With the pace of these two, I can't see the story being wrapped up in 3 books. More like 12, one for each of the time travelers. I should've waited for the entire series and read them all together. I wish the author, and publishers would hurry and release them all.
I wanted to "read" more by the author of "Cloud Atlas" so I picked this at random. It's a splendid display of craftsmanship. David Mitchell's grasp of japanese culture is on display as is his artistic touch with words on paper.
Here he stirs beautiful words into complex sentences into well wrought phrases into beautifully descriptive paragraphs, into this wonderful book.
I just discovered a new favorite writer.
I love this series.
I thought I would've been used to the new narrator by the end of this book but.... nah, It's not merely the pronunciations but the accents as well.
It's bad enough to speak the Compi names in such a screwy manner, it's far worse to make seemingly random decisions about the dialect and therefore the origins of several characters. This narrator Colacci decided, for some reason, that people with names like Nikko Chan Tylar and Kotto Okiah should sound like U.S. southerners and the older roamer men should all sound like grisly characters in a western shoot-em-up. Even the "Alien with British Accent" clich'e finally becomes less than outrageous but really, rednecks in space? Not even genteel southern gentlemen but crusty old gosh-darn dusty pantsed cowpokes? Perhaps a listen through of the earlier books for continuity would've been informative.
Perhaps they should've started from book 1 with the new narrator thus buffering us from the shock of being forced to leave the marvelous George Guidall for this hideous treatment.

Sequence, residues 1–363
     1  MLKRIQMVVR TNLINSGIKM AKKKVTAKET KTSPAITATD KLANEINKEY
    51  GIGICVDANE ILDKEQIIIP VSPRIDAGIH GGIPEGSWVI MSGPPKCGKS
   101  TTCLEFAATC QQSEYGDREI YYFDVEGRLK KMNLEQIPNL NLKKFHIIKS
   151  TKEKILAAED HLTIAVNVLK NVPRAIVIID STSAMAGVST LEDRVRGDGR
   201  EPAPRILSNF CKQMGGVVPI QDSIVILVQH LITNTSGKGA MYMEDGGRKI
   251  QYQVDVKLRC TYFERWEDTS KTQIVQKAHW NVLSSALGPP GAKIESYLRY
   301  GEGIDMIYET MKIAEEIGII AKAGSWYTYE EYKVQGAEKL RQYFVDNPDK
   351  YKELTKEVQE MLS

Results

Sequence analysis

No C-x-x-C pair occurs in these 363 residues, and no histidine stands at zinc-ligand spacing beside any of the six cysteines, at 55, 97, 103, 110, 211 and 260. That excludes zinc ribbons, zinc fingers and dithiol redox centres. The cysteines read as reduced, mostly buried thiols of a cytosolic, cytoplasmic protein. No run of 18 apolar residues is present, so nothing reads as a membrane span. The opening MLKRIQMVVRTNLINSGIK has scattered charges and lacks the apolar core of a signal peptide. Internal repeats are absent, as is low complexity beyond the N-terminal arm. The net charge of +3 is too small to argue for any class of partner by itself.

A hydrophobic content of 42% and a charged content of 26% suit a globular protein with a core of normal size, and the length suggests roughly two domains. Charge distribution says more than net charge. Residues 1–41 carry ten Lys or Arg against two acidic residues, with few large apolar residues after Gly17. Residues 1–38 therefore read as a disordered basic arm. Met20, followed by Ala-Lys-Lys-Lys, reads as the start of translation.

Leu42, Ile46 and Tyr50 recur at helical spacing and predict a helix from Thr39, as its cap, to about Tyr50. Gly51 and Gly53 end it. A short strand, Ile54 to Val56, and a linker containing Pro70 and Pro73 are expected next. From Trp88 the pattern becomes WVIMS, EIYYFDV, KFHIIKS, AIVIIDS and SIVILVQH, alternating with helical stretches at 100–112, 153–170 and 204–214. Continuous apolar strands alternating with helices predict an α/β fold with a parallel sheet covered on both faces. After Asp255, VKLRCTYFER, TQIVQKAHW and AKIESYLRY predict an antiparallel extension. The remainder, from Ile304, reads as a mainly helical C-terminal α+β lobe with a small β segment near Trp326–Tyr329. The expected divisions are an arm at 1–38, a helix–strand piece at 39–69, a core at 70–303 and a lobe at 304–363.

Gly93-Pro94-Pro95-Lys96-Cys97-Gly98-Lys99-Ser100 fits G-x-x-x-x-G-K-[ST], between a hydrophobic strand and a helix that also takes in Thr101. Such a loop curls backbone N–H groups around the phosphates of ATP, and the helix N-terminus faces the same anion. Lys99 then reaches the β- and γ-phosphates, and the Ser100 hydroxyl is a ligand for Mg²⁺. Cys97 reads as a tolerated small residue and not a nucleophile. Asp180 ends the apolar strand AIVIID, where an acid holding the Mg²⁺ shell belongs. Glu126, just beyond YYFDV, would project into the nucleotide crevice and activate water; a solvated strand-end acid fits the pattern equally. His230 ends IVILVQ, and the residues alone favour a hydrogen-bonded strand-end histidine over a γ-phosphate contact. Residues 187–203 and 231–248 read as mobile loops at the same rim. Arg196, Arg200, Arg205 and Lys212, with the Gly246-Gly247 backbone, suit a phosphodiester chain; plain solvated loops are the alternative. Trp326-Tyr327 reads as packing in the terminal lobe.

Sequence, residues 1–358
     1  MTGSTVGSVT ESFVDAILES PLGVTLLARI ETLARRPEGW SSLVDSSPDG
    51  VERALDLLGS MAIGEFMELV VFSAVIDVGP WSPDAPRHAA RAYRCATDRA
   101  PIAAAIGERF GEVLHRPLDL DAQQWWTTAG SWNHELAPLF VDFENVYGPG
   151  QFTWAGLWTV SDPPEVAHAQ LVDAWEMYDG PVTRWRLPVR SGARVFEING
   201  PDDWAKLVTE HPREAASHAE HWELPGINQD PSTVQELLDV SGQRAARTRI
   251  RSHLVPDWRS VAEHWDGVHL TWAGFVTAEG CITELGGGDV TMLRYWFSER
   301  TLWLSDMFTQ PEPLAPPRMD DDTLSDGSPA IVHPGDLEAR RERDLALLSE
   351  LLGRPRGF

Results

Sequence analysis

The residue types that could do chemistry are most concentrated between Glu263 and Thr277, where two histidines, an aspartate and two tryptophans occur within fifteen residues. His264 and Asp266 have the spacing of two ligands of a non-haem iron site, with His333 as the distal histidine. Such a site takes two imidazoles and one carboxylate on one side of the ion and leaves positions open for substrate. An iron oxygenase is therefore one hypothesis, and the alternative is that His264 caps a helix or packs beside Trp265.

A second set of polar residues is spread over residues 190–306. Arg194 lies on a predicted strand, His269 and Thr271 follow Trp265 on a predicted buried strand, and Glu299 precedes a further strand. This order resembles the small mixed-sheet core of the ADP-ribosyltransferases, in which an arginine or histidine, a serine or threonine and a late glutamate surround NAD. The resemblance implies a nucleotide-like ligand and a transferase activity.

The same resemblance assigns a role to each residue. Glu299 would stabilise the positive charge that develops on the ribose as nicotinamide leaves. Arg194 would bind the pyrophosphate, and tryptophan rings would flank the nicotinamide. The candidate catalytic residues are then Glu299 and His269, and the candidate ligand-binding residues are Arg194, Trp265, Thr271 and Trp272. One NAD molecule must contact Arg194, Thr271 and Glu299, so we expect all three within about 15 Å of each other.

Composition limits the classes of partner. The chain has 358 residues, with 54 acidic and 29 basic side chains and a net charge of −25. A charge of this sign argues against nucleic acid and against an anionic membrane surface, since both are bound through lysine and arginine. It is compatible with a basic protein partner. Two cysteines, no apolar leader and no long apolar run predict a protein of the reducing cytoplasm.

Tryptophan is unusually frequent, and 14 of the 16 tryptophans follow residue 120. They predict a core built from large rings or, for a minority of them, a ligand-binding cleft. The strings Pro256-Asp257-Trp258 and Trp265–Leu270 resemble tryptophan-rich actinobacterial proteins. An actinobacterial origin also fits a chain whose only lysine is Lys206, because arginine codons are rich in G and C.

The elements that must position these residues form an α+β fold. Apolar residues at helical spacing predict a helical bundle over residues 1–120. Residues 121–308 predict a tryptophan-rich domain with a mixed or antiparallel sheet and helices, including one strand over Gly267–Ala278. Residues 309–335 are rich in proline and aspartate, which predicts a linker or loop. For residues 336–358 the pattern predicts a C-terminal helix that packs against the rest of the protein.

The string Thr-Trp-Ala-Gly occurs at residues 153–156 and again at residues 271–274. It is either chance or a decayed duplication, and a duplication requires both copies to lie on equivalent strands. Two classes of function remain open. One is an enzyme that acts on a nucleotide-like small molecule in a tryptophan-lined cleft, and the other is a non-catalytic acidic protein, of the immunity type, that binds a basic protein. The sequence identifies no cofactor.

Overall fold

The story worries me like the first encounter of a Dire Wolf and satiates like the "Milk of The Puppy" (poppy, I know but the phrase sticks). It's an excellent epic story with complicated relationships, intricate politics, sex, violence, disaster, and glory. Martin seems to have no problem killing off a major character thus causing us readers anguish and anxiety at every scene.
You'd think "so and so" would last through the entire series and be the Frodo Baggins/ Ender Wiggan/ Darth Vader/ Harry Potter of the series?
Here, the mystery and intrigue is palpable because we have no idea who will still be around. I try to distance my feelings for these characters for this reason but Martin is such a great writer that he Makes me interested in them anyway.
Roy Dotrice is an excellent reader. He reminds me of Patrick Tull or George Guidall, superb salty voiced readers who render their characters with grit, fire and hard earned experience. What he lacks in young feminine voices, he more than makes up for with his multi male voices. There are hundreds of characters with varying degrees of intelligence, education and class and Dotrice does a handy job at voicing many of them.